EXTRA lockdown restrictions must be right for Warrington – not just Merseyside – says the council leader, Russ Bowden.

Tighter rules could be introduced by government this week to tackle the increasing number of Covid-19 cases.

But Cllr Bowden says he is against a so-called 'circuit break' mini-lockdown being favoured by some officials and politicians on Merseyside.

It would see many businesses being forced to shut for a two-week period to help bring coronavirus rates under control.

Cllr Bowden was among council leaders and officers to take part in a meeting with chief medical officer Chris Whitty on Monday to look at how to curb the rising rates of infection.

Warrington Guardian:

Chris Whitty

Similar restrictions to those introduced in the north east earlier this week, which include banning people from different households from meeting indoors in public settings, were discussed.

But some of the worst hit Merseyside councils want to go further – suggesting a mini-lockdown with Government compensating affected businesses for loss of earnings.

Cllr Bowden said: "I am not prepared to be dragged along with Merseyside.

"The solution is not the same.

"Any enhanced restrictions for Warrington need to be appropriate for Warrington. We are here to act in the best interests of Warrington residents.

"Any new restrictions need to be agreed with us."

Knowsley council leader Graham Morgan told the BBC: "Nobody wants to go back to a long-term lockdown like earlier this year, so the 'circuit breaker' option of a short lockdown, with clear rules, might disrupt the spread of the virus enough to help us regain some control."

A ban on people mixing indoors in households was agreed last week, the new restrictions could extend that to public settings such as pubs and restaurants – although the guidance is people don't mix in such ways.

READ MORE > Fall in number of new coronavirus cases in Warrington

Cllr Bowden says the council supported last week's changes in a bid to stop the rise in infections.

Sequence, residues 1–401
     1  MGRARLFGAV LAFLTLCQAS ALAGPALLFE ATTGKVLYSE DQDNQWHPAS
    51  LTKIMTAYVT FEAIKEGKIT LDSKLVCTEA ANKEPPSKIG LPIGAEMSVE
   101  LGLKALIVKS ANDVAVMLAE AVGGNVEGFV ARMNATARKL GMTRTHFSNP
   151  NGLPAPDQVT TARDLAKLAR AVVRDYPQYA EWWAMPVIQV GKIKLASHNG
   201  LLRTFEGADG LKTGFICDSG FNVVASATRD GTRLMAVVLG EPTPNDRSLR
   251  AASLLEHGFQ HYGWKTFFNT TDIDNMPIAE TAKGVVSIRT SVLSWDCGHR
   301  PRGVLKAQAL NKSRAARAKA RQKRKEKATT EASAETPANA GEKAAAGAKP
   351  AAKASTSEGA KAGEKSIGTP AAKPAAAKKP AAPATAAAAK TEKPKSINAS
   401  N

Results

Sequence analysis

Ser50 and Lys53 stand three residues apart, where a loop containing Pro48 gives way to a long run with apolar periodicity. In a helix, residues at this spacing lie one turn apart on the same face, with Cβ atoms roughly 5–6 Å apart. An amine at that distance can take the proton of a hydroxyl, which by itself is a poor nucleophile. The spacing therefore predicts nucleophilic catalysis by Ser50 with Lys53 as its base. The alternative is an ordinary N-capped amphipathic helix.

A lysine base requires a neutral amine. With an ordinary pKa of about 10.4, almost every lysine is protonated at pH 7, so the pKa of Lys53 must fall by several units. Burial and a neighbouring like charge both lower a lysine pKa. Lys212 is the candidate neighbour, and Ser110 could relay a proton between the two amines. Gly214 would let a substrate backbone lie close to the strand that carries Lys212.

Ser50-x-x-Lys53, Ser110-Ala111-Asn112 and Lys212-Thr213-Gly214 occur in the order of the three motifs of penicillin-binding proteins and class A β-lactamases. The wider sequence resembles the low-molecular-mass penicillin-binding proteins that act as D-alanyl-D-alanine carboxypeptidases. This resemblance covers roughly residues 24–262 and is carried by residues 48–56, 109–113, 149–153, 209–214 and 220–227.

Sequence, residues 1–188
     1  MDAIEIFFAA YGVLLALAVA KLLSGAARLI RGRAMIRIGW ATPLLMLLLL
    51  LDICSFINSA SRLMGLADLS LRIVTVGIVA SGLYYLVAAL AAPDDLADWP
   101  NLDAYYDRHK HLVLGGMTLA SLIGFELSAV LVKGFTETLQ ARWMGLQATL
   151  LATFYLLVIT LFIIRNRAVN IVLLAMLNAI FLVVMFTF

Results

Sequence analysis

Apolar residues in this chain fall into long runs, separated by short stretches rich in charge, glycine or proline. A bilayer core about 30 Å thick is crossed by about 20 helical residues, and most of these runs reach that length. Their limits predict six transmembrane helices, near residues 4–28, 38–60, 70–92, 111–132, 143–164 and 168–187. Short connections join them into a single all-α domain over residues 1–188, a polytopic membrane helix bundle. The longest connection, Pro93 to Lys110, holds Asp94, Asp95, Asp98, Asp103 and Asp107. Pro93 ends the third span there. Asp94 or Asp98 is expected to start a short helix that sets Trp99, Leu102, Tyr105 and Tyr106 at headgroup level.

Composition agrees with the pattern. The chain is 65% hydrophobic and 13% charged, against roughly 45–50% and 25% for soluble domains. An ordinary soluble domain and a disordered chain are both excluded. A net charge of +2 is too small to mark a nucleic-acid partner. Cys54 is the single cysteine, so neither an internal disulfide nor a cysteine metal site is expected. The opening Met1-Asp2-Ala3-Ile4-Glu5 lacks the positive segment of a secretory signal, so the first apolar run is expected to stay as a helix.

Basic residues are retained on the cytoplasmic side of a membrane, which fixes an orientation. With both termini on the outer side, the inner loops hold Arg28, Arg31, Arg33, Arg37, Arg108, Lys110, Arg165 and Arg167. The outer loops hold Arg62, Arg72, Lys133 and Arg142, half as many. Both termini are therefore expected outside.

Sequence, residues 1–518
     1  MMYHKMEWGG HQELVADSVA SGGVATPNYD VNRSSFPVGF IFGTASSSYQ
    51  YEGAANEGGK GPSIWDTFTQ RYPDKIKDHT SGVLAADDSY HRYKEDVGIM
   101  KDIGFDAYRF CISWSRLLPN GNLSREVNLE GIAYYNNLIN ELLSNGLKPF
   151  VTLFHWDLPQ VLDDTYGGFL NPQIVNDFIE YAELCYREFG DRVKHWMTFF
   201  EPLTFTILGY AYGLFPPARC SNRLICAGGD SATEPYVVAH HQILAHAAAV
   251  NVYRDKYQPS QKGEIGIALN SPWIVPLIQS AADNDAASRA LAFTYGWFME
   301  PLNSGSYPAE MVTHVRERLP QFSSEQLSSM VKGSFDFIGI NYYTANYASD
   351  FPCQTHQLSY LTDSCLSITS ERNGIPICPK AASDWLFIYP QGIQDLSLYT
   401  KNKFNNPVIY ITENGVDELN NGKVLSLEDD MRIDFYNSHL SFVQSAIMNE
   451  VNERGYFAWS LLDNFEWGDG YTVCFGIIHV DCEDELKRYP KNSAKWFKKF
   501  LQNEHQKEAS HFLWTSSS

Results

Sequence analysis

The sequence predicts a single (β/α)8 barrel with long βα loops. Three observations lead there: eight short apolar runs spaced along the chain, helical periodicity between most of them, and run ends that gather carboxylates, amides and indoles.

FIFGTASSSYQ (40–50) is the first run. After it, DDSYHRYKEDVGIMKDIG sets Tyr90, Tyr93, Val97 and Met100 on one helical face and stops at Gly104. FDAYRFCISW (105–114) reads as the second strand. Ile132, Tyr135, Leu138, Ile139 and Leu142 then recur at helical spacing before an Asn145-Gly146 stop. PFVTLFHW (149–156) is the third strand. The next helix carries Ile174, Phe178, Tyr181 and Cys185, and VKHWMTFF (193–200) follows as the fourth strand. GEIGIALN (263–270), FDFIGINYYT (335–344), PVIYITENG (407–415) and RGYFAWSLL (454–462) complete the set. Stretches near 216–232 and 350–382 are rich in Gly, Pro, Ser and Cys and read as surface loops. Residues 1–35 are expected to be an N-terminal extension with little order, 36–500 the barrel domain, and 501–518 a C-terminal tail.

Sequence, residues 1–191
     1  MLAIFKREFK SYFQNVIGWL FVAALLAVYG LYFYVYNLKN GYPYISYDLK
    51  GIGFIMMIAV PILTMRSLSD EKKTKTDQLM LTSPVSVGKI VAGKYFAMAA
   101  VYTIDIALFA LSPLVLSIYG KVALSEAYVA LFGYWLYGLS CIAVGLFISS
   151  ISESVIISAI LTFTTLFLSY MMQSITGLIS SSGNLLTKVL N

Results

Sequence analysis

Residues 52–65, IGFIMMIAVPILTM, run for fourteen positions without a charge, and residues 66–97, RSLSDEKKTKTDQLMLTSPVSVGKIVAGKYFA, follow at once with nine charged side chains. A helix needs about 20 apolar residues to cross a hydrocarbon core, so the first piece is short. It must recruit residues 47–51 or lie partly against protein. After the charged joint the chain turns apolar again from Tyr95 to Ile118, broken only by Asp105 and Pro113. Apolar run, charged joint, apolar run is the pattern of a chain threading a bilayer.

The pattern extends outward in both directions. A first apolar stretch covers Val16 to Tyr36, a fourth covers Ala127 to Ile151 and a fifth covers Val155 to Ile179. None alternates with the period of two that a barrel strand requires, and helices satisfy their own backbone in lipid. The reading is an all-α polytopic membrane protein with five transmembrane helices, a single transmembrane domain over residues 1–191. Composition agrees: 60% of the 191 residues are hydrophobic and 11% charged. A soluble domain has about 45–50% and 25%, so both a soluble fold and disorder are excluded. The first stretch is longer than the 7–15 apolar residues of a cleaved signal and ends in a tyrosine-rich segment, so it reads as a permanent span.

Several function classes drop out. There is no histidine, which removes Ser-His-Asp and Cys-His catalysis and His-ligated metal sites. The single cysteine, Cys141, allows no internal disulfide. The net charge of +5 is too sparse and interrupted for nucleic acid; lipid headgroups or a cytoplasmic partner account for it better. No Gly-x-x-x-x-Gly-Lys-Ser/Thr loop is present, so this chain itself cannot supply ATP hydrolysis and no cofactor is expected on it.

But he said a mini-lockdown would hit some businesses hard and he was not willing to let firms go out of businesses if there was no extra financial help offered.

"We supported the measures announced last week but I see no evidence that a two-week circuit break will help," he added.

"There will probably be other restrictions which can help.

Warrington Guardian: Cllr Russ Bowden

Cllr Russ Bowden

"And we continue to ask people to follow the rules, take responsibility, self-isolate where necessary and do your bit to help the town turn these figures around.

"We do need to thank residents for keeping our rates so low for so long. People have been doing their bit and acting responsibly."

Cllr Bowden also said that any extra restrictions need to look a wider public health, including children going to school.

"Public health is a far bigger issue than just coronavirus," he said.

"We know it is really important for children to be able to socialise in school. We saw the damage of the grading issues earlier this year.

"We risk doing more long term damage.

"The same for adults, it is not good for people to work at home for a long period or stay on furlough. From a public health point of view, we have to think about the right thing for society as a whole."

And he said the council needed to be involved with the Government on any decisions.

He added: “A big problem we have as a council is that we aren’t being told what the restriction changes will be until they are publicly announced. We need a constructive dialogue on what decision could be made in advance, with a chance for us to negotiate and find the right local solutions.

“Warrington isn’t part of some broad homogenous area, and it would be damaging for our town to have further restrictions, like a circuit break for example, imposed on us as part of a wider regional decision, unless we have the opportunity to discuss our needs directly with government first. We’ve heard suggestions about this two-week“circuit break in Merseyside – where the hospitality sector would close down, but schools and other workplaces would likely remain open – and I’ve got real concerns that it would cripple an already struggling hospitality sector and provide added uncertainty for many local jobs.

“Government edicts are making things really challenging for us. When they announce new measures on hospitality and curfews, for example, our enforcement officers are required to support the effort to ensure our premises are Covid-secure and are closing on time, at 10pm. But this huge surge in demand for our teams, without any extra funding or support for them, makes things extremely challenging. Any other measures or restrictions announced, absolutely need to be matched with the funding and resources we require.

“Councils across the country have been the front-line in the response throughout this pandemic, so I would urge the government to engage with us first before making any other decisions. Our local knowledge has proven invaluable throughout this challenging year and it is important that government acknowledges this local expertise.”